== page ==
Columns in the Monmouth Daily Review Atlas



By William Urban


As readers of the Review Atlas know, American Experience presented a fifty minute program on Wyatt Earp a couple weeks ago. Given that most television programs on Monmouth’s most famous son are god-awful, it was easy for this one to be better.

 Monmouth was mentioned briefly, in the context of the westward movement of the American people — that mass migration that contemporaries called Manifest Destiny. That is, it was “manifest” (obvious) that Americans would occupy the rest of the continent, there being only disorganized Mexicans far to the south and even less organized Indians on the Great Plains. Destiny — pioneers moving into the interior was a process larger than the individuals involved, and Americans already on the move saw no reason to stop.

This is a theme the PBS developed very well, to put the Earps’ experiences in Wichita and Tombstone, then later in California and Alaska, in the context of their times. I did this once myself, back in 2003, when I was asked to write a book for Middle School children, Wyatt Earp: The OK Corral and the Law of the American West. I could have concentrated on the gunfight and the vendetta ride — since that is what catches the typical reader’s eye — but I preferred to see a close-knit family following closely behind the frontier, arriving in Monmouth after the Indians were gone, but before the railroad arrived. Most members of the family settled in Monmouth for good, but Nicholas Earp saw the Mexican War as an opportunity to qualify for free land in the West. Unfortunately for his plans, the dispute over slavery resulted in Congress failing to make any provision for veterans. Nicholas returned home — injured by an animal kicking him in the groin — just before the birth of his son, but in time to name him for his commanding officer, Wyatt Berry Stapp.

When news of the California gold strike came, Nicholas announced his intent to go there, then left without paying his debts and taxes. If, as is claimed, he stayed in Monmouth in a rented house until 1850, that was news to the tax-collector, who kept close tabs of who had paid their 1849 taxes and who hadn’t — Nicholas Earp didn’t. Even so, he didn’t make it past Pella, Iowa, where a relative was living. He was there when the Census of 1850 was taken, and the Census of 1860, which led generations of Monmouth citizens to believe that he had stayed in Iowa the entire decade.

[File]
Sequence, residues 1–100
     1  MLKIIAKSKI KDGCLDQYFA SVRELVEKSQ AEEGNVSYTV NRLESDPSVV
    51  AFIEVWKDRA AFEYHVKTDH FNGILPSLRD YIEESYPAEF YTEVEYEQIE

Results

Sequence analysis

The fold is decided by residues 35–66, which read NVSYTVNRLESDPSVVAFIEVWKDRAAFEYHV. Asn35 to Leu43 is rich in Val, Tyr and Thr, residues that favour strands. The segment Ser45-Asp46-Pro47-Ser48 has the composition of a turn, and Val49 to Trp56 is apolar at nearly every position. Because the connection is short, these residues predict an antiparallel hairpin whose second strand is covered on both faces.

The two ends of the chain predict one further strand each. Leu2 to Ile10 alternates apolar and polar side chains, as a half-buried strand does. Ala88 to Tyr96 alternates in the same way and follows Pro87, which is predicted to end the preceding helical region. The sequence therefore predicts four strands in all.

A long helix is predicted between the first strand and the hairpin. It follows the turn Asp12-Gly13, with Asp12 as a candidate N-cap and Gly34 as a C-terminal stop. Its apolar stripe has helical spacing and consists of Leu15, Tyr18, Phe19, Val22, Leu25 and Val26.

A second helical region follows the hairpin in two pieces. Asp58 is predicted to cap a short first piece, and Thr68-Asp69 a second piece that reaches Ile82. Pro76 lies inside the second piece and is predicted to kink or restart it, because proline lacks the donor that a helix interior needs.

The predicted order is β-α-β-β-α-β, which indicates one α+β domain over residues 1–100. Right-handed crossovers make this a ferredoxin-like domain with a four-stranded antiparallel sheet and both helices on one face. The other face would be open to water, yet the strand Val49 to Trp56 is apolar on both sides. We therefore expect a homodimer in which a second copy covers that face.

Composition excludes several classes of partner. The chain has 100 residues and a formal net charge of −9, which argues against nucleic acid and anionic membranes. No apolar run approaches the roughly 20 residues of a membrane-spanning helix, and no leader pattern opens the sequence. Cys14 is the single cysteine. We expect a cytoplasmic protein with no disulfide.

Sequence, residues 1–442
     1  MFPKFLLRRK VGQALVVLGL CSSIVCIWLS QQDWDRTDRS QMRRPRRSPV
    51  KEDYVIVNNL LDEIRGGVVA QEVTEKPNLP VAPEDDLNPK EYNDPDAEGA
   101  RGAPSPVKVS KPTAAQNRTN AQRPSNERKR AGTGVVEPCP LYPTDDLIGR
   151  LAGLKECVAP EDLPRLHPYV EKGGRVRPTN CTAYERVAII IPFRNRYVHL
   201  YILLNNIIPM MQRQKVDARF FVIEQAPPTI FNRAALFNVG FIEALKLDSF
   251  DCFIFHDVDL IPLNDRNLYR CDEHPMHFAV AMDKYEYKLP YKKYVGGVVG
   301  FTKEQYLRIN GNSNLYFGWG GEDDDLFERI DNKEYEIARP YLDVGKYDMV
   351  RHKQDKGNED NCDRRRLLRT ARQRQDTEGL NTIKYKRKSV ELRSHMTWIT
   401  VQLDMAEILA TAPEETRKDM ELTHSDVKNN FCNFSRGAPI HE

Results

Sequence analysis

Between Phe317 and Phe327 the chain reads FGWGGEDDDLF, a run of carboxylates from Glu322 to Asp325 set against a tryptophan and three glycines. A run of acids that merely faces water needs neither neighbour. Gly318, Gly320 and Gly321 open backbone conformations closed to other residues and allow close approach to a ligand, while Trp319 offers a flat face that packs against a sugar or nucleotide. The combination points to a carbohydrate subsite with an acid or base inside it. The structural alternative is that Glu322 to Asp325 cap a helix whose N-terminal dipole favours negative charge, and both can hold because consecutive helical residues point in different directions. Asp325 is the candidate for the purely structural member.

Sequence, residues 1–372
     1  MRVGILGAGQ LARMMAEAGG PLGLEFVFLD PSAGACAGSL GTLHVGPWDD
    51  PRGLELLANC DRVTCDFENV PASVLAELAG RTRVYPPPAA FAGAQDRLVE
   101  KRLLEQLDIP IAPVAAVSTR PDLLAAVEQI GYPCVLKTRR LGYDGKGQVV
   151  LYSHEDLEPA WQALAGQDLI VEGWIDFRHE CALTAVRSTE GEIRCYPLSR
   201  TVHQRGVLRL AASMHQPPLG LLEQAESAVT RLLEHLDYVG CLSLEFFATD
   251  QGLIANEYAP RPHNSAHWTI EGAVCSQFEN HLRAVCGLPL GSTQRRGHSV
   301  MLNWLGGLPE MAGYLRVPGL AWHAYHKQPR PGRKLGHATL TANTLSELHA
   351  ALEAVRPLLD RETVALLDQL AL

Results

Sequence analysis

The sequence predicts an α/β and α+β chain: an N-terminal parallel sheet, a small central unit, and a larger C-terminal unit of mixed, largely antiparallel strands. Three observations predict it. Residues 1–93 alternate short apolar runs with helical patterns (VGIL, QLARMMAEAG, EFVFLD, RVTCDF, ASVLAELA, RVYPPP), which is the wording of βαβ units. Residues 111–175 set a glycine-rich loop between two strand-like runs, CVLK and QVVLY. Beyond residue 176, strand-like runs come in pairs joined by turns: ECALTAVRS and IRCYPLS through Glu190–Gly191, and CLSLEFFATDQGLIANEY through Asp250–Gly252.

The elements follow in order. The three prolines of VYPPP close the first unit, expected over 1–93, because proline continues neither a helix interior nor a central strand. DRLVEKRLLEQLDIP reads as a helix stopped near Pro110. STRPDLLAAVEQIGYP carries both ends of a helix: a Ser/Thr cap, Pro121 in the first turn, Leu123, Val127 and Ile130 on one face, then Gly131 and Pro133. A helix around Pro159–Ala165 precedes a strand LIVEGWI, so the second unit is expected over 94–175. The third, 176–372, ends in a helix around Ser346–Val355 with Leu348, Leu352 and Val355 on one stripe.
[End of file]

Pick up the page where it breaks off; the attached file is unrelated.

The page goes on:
Some time back I discovered that Nicholas had Earp brought his family back in1856, staying three years. This clarified a number of problems, most importantly how a daughter could die in Monmouth when the family was supposed to be in Iowa, but it caused historians to wonder why Wyatt never bothered to mention it. My research explained why. Nicholas, unable to find work, apparently unable to buy land, ran for office as a constable. That job was hardly law enforcement, but delivering summons for the justices of the peace and helping around the courthouse allowed him a convenient cover for delivering whiskey to customers unable to find it in “dry” Monmouth. After being convicted three times of bootlegging, he sold his property (including one house still standing on South B) and went back to Iowa. It was not a story Wyatt Earp wanted strangers to know.

Nicholas Earp made it to California in 1864, where he established a ranch. Four years later he apparently came back to Monmouth for a family reunion, then settled down in Missouri to manage a restaurant. Wyatt joined him there and married — a story mangled by the best-seller of the 1930’s, Stuart Lake’s Wyatt Earp, Frontier Marshal into his coming back to Monmouth to study law under his grandfather (awkwardly deceased in 1853 and never quite a judge, just a justice of the peace) and to marry a local girl. (Ralph Eckley, who wrote the local history columns for the Review Atlas, used to get letters asking where the Earp farm was and if they knew anything about Wyatt’s childhood. Eckley, who knew how to use the county records, knew there was no farm, and since, as a reporter, he knew everybody, he had heard what few Earp stories there were to hear; but he didn’t know that Wyatt lived here from 1856-9.)

PBS covered all this in about a minute. I enjoyed the longer part about Kansas, because I grew up there hearing stories about that era. That’s the way history works. A good program does more than entertain. It informs, it stimulates the imagination, and it revives half-lost memories.

Memories, alas, are fallible. That is why historians seek to confirm them with contemporary information. And the myths? Well, the myths tend to survive. It’s like the advice given to the newspaperman at the end of The Man Who Shot Liberty Valance: “When the legend becomes fact, print the legend.” That can drive historians nuts!

PBS got past this for the most part. Some will miss the myth, but not me — the true story was compelling enough. (If you doubt me, buy my well-illustrated book for some young relative, then read it before a birthday or Christmas comes along.) PBS passed over some important episodes, partly to move the story line along, partly to fit the story into time available. I remember my editor cutting out my paragraph on Wyatt liking ice cream. But Wyatt did not like hard liquor. Nor did he go around shooting people.

One can quibble a bit — was “the Peoria bummer” (a reference to Wyatt’s being arrested for operating a floating bordello on the Illinois River) a pimp or merely a bouncer, and were the pictures actually of the people and places they purported to identify? But this production is probably as good as we’ll get for a while.


Review Atlas (Feb 11, 2010), 4.